|Photo Courtesy Ubisoft|
Here we go on my first official review! So please be gentle folks
I heard about STEEP early in 2016 from a close friend of mine and was instantly enthralled with the possibilities that came with what Ubisoft Annecy was trying to build, and after putting countless hours into this labor of love we call STEEP, I think I’m ready to do it justice.
So lets start with the environment, they’ve done a phenomenal job of truly mapping The Alps and creating what feels like a living breathing world, no 2D trees or bushes in this one! Your board or ski’s will cut a path through the snow, and actually carving oftentimes sends small snowballs off to the sides leaving their own trails behind them; when you’re in the air you really get a realistic sense of how fast you’re moving and there are snow and wind animations to add to the atmosphere once you’re off the ground.
Now I’ll touch on the controls, this is the one area STEEP could use some improvements, the controls do feel clunky at times and I feel that the mapping could use some tweaking. The fact that the jump and grab share the same triggers makes timing grabs for maximum points tough and can complicate racing at times. The easiest fix I could come up with is just allowing for customization of the controller layout, but I’m not sure if they have any updates for the control scheme planned. The view options on the other hand are awesome. I loved the GO PRO view mode, really brings up the realism and intensity of the game and gets your heart racing, especially in the wing suit!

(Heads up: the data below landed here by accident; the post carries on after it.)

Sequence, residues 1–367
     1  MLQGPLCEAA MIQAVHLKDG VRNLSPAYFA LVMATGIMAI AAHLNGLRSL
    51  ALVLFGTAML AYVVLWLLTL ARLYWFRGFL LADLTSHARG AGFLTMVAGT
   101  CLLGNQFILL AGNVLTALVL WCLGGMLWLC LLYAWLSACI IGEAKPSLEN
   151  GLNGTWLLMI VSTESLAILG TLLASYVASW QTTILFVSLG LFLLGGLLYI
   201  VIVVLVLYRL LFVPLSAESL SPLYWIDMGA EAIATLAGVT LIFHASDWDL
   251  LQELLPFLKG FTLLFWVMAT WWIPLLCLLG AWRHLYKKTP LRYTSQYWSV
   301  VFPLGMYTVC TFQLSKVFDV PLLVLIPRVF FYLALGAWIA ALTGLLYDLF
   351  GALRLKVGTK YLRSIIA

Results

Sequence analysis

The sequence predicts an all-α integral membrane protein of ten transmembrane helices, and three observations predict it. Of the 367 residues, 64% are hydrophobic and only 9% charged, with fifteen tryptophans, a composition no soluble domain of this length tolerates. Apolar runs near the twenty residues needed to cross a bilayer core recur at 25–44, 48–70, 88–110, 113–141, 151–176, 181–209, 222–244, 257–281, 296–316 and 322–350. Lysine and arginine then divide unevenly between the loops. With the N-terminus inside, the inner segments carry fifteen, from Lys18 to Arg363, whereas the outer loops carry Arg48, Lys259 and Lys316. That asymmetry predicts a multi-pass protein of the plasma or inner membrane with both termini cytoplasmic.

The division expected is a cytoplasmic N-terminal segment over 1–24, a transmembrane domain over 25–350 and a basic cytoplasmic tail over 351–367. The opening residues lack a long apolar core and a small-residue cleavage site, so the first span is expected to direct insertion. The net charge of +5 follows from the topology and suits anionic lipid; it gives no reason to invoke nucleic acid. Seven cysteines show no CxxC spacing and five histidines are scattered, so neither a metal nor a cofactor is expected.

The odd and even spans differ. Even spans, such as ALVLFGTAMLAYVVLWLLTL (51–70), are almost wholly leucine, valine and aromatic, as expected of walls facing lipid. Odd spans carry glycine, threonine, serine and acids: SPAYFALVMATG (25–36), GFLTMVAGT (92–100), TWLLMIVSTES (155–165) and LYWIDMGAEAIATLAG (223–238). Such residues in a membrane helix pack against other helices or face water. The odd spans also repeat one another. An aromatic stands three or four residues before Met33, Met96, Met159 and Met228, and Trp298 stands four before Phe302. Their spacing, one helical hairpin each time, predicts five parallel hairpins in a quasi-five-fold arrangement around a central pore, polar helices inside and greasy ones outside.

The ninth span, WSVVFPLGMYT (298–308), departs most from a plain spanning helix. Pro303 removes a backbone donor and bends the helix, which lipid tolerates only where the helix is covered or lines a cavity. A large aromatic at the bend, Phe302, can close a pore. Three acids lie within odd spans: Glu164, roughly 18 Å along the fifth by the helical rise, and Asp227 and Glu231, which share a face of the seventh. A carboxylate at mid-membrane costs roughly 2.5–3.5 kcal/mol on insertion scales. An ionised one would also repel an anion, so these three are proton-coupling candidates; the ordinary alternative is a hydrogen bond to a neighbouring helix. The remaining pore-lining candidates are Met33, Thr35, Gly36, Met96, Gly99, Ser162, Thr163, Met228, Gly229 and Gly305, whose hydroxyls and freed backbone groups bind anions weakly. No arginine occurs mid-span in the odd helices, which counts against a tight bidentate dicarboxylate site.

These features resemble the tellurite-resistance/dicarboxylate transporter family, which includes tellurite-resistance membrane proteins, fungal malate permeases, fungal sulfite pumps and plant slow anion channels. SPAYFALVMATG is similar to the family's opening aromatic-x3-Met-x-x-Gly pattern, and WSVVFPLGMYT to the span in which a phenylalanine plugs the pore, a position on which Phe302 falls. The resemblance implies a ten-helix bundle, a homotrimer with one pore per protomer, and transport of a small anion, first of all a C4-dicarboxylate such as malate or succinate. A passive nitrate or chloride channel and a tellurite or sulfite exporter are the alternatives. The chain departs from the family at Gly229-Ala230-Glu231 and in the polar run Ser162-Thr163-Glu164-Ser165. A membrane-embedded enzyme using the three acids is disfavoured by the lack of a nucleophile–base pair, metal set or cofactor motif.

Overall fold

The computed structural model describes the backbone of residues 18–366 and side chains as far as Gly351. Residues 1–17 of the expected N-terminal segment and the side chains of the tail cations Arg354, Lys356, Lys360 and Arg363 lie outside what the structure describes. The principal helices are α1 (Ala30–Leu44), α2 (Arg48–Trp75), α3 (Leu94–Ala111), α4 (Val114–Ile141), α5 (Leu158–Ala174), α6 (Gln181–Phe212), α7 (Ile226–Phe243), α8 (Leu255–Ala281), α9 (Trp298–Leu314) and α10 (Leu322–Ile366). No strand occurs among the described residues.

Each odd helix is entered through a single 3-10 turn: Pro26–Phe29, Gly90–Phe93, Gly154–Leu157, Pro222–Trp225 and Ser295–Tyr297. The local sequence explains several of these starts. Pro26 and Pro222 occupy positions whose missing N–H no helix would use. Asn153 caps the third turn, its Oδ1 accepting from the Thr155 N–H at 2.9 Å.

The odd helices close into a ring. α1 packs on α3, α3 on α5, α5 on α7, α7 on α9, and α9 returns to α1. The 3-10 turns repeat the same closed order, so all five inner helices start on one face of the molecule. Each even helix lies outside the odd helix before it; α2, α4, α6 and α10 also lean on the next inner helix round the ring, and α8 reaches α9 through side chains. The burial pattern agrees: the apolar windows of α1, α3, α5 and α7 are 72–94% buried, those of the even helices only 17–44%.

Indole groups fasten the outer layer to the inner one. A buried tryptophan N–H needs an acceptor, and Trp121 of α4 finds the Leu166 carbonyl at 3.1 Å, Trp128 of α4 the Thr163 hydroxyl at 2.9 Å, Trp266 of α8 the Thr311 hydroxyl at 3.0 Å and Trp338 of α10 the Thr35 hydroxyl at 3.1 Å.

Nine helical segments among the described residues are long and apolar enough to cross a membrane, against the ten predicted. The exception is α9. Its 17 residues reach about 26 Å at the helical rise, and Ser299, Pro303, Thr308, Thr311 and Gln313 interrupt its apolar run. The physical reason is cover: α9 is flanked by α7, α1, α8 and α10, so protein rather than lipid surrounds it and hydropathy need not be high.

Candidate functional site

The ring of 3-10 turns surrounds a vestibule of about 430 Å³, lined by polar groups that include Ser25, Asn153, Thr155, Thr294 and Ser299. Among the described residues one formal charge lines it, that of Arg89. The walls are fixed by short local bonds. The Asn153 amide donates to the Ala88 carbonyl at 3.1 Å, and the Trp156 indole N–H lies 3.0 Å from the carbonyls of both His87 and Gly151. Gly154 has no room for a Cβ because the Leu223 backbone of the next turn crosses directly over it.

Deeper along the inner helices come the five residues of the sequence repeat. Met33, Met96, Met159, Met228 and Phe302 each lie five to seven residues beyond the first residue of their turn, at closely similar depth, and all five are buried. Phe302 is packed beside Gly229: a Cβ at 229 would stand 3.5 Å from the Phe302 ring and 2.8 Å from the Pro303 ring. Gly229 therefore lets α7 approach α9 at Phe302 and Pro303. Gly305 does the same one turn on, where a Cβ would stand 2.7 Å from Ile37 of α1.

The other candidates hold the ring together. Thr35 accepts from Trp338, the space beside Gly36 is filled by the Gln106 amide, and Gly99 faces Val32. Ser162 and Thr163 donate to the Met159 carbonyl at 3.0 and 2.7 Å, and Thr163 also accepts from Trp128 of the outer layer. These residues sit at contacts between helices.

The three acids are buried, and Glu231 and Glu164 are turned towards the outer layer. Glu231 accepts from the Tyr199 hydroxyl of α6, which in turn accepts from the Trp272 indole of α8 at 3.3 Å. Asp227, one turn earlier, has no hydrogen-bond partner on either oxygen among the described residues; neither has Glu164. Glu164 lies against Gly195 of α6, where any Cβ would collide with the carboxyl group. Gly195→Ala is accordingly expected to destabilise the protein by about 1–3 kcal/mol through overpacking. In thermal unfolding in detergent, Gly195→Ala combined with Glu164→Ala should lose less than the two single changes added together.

The amount of customization options available to you are way more than I initially expected out of the game, with eight riders to choose from and over a hundred different clothing and gear options there are a lot of different combinations not even including the often goofy costumes that are available, I don’t think I ever hit a point where I couldn’t find an outfit I liked with the current character or gear I had unlocked.
The challenges and stories are a lot of fun and add quite a bit of character and flavor to the game world, from barreling through spaces barely big enough for a person in a wing suit, to flinging yourself off a cliff face to see who falls to the bottom first. Towards the last half of the game the “play your way” style ends up working against you a little in the sense that you’ll need to play some of the other set ups in order to unlock all the mountains.
The multiplayer flows very well with the way the game plays, loading in players nearest to you and cutting down on needless taxing of the processor or bandwidth consumption. This makes it easy to meet new people on the mountain, while giving the sense that the mountain is populated with players as opposed to running into the same 15-30 people on a massive map.
All in all I have to say that I enjoyed STEEP thoroughly, of the small issues I found in the game, none of them broke the flow of gameplay. I don’t think there was a day I played it that I didn’t enjoy myself and I will continue to play this game for years to come. So I guess in this humble stoner’s opinion STEEP lived up to all expectations and delivered the best extreme winter sports game I’ve played in a very long time.